QUESTION: Can associations restrict Realtors from serving on the board? We had a board president who was a real estate agent who fought to keep dues low so sales would be easier. As a result, the HOA was under-funded for the four years he was president and subsequent boards were forced to make major dues increases to catch up.
ANSWER: No, you cannot prohibit Realtors from serving on HOA boards. A "Realtor" on the board does not automatically create a conflict of interest. Real estate professionals can offer great insight into many aspects of the development. Potential conflicts of interest emerge when real estate agent/directors actively list and sell property in their associations. Some Realtors are careful to avoid conflicts and make excellent board members. Others are not so careful and the following conflicts sometimes emerge:
1. Aesthetics Over Maintenance. Some (not all) will exert pressure to shift limited funds away from needed repairs to discretionary cosmetics. For example, they might push the board to plant flowers and paint buildings when money should be spent on plumbing repairs and a new roof. Low dues and pretty flowers make it easier for Realtor/directors to sell units and earn commissions. This is in the director's best interest but not the association's best interest.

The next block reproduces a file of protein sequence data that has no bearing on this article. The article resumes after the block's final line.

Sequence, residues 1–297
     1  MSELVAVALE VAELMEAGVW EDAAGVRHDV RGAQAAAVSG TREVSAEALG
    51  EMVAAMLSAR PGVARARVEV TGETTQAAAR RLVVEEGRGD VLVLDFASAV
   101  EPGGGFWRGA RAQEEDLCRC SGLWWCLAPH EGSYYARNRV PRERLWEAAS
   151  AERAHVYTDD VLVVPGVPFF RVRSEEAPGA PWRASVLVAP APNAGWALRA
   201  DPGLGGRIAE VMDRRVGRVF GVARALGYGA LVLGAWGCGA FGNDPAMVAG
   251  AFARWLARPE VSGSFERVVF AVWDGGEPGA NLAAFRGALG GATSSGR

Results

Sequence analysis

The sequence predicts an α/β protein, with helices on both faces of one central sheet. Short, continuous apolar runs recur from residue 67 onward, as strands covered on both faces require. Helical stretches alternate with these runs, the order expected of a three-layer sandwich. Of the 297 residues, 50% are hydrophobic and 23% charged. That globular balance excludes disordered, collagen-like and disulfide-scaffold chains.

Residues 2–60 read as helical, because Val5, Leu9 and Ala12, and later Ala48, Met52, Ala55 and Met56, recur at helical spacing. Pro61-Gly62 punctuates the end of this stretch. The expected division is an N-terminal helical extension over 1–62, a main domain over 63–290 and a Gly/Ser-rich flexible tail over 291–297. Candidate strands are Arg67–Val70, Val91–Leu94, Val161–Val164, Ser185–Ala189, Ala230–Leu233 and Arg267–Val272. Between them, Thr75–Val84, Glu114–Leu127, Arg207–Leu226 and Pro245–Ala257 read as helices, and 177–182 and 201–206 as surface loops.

2. Exclusivity. A less scrupulous Realtor/director may pressure management and staff to make themselves the exclusive Realtor in the development. They may their business cards on bulletin boards and at security stations to the exclusion of others. Or, they may expect Staff members to recommend the Realtor/director to anyone looking to list or buy in the development. This is contrary to the best interest of members who should have the freedom to engage Realtors of their own choosing and benefit from open competition.
3. Confidential Information. Board members are privy to a great deal of confidential as well as attorney-client privileged information through their executive session meetings, such as potential litigation, deferred maintenance, construction defects, delinquencies, etc. As real estate agents, they are required by law to disclose anything of significance that may impact the value or desirability of a property. (Civ. Code §1102.6; §2079.) This creates a breach of their HOA fiduciary duties if they disclose confidential information and breach of their Realtor statutory duties if they don't.
Recommendation. So, to avoid potential conflicts of interest, associations should consider adopting an ethics policy.
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